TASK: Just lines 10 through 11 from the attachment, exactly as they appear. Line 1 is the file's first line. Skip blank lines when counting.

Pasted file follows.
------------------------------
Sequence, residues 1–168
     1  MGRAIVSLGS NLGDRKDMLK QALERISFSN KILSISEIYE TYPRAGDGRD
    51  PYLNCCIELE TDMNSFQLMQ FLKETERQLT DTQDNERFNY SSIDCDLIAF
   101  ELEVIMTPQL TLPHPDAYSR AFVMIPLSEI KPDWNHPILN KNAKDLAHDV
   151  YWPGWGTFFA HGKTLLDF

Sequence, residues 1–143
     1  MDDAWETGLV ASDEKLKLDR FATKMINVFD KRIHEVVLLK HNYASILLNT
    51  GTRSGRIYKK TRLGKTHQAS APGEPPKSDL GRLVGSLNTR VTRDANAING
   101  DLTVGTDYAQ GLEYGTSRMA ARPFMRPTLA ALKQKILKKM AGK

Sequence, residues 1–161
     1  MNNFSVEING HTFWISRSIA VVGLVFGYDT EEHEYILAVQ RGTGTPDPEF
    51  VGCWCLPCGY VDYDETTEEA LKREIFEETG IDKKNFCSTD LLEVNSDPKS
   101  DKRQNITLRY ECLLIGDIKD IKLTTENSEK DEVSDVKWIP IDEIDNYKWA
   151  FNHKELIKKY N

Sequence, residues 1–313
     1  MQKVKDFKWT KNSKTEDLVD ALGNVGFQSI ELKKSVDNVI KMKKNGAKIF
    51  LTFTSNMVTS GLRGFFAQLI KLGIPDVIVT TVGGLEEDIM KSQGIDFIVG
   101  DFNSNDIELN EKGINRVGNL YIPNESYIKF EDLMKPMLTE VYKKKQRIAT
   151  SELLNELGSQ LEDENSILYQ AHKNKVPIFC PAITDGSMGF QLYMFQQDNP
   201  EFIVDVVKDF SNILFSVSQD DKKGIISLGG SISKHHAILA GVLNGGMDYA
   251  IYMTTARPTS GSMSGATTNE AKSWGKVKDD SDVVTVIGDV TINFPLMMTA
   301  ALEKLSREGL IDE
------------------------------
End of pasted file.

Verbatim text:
Sequence, residues 1–161
     1  MNNFSVEING HTFWISRSIA VVGLVFGYDT EEHEYILAVQ RGTGTPDPEF